Jetty Rae: darling singer/songwriter and mother from Michigan. Heath McNease: singing rapper and handsome resident of Georgia. What do the two have in common? Their love for creating introspective acoustic songs that bring the listener in and tap into his or her emotions. Recently, the two have come together to create a six-song concept EP that they're giving away for free download. Working under the name Pen Pals (as in "Heath and Jetty are Pen Pals"), the duo's Gold EP is an enjoyable and thought-provoking twenty-two minutes.
Gold is a story of a summer fling between two teenagers (Heath and Jetty are not a couple in real life). Things start off great, as they do, in "Camp," where Heath and Jetty both arrive and meet at a summer camp. The song is sung as if it was a letter written back home, as both Heath and Jetty are singing the words (which makes sense, except for the couple of times that said lyrics are "I made a new best friend, she lives in Michigan"). "Camp" is a bubbly, carefree opener, and leads into the bluesy "Open Door," where the relationship has progressed a little further. It also signifies the beginning of heartache, as the two begin to realize that summer has to end sometime. By the time "Away" comes around, the two are coming to terms with the loss of each other. Soft and somber, one can find themselves feeling the heartache.
If you've ever gone through a serious break-up, you probably know how unbearably difficult it can be to live with yourself. That's where "Gold" comes in, with Heath and Jetty each questioning themselves, and essentially blaming themselves for the break-up. "You were born of gold, I was born under a bad sign;" "I kill what I love the most;" "You turn everything to gold, I turn everything to stone" - all lyrics signifying the crushing self-doubt that comes along with it. It's very easily relatable. "Mary & Martha" was a little more difficult for me to distinguish the meaning, but you can hear Heath and Jetty talk of redemption and trying to end things on as good of a note as possible. It all comes to a close with "July," as the two finally depart and say goodbye to their summer fling. It's rather heart-wrenching, but they also leave the listener with a small glimmer of hope.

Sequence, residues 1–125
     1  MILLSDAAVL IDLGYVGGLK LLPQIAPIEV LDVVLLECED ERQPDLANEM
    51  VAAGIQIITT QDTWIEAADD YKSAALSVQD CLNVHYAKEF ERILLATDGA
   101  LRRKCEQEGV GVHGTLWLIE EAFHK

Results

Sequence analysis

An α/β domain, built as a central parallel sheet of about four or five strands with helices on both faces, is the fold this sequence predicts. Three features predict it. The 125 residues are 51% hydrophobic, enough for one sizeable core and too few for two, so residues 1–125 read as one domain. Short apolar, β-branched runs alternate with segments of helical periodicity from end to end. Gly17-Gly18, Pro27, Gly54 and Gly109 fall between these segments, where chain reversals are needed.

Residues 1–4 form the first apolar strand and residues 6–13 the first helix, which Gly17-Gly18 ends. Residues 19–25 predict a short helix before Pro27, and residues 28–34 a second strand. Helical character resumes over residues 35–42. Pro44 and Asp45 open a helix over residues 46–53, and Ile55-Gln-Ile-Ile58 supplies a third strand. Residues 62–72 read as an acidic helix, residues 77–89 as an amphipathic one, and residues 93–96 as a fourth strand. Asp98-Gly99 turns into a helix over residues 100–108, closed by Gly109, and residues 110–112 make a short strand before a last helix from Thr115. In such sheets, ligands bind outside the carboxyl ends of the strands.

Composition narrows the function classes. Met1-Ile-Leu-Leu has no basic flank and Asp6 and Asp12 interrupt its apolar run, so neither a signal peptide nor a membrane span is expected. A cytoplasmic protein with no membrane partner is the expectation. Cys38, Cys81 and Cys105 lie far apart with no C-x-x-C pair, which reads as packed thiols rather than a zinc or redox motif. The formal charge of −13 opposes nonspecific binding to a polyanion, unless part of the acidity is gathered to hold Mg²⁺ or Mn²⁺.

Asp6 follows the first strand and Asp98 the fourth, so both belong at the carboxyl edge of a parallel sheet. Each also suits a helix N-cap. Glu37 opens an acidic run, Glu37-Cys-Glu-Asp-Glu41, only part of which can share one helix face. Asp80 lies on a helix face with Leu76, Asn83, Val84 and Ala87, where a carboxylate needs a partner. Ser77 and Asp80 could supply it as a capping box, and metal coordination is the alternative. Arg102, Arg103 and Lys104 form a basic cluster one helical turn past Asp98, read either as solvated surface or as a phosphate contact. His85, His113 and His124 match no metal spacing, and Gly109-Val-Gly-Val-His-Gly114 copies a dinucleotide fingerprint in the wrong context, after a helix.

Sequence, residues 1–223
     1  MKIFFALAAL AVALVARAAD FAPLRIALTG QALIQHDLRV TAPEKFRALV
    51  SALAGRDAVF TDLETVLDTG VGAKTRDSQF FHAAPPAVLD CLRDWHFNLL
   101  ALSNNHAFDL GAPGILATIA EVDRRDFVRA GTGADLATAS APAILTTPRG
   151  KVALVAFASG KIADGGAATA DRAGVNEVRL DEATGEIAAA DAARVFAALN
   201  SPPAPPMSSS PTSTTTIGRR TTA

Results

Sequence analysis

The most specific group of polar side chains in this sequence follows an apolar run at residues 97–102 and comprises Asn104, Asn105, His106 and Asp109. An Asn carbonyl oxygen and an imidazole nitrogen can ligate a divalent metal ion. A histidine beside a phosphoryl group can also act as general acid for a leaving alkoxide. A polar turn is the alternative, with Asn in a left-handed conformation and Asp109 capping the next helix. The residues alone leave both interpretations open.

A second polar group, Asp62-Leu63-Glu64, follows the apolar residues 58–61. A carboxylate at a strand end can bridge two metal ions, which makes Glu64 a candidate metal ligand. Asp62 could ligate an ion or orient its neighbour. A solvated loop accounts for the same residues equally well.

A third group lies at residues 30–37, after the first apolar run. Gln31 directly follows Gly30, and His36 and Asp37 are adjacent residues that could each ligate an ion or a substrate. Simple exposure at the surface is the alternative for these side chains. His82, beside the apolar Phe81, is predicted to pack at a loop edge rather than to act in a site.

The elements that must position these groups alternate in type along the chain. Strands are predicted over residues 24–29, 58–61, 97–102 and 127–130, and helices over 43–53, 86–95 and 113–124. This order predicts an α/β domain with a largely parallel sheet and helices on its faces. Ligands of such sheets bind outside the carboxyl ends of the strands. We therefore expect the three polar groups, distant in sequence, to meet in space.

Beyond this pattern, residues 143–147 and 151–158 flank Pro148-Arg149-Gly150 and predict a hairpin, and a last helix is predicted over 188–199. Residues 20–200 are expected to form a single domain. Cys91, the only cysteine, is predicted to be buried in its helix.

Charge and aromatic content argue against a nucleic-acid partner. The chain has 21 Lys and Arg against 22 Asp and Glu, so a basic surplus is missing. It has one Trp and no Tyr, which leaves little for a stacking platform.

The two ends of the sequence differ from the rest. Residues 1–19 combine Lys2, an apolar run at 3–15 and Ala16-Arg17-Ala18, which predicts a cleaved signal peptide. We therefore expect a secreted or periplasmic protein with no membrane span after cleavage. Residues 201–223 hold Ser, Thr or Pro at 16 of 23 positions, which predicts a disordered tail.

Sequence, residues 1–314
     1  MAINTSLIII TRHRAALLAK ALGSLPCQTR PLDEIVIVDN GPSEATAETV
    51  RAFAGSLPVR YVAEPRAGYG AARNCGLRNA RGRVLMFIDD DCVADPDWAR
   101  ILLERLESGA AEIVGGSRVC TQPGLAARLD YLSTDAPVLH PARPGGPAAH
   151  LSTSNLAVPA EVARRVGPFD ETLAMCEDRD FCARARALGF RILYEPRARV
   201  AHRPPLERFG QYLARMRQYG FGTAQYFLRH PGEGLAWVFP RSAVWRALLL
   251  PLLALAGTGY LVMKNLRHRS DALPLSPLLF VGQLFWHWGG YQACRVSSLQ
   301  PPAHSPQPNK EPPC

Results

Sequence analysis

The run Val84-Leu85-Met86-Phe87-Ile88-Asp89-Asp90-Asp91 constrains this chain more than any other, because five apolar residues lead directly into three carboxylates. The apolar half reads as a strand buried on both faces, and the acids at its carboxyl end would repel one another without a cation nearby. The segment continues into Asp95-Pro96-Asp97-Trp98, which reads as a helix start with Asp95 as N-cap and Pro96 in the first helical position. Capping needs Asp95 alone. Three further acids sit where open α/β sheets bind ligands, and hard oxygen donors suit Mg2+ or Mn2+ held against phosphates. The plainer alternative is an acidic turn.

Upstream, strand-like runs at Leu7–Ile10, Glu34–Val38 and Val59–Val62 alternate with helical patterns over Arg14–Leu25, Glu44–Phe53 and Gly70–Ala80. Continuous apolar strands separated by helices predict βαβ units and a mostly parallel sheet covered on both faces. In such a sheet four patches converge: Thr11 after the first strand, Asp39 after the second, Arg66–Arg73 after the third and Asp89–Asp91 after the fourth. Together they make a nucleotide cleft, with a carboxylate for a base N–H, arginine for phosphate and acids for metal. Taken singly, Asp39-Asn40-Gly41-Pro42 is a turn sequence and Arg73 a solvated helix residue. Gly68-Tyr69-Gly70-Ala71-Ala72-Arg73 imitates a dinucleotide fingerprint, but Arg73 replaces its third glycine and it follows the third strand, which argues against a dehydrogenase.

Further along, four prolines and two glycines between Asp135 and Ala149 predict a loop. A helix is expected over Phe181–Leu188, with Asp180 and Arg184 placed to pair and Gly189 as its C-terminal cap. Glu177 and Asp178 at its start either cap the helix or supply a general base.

There is no shortage of male/female acoustic folk duos in today's industry, but when Heath and Jetty get together for theirs, they do the thing justice. Gold is an emotional ride that deserves and mandates repeat listens. With Pen Pals not living anywhere near each other (the real life Heath and Jetty, that is), I'd be surprised if they released anything else together, but it would be a pleasant surprise. If you like acoustic folky pop like Jenny & Tyler or Heath's solo albums (such as Fort Wayne or Among Thieves), go and download yourself a copy from Noisetrade and give it a few listens as the summer comes to a close.
- Review date: 9/17/15, written by Scott Fryberger of Jesusfreakhideout.com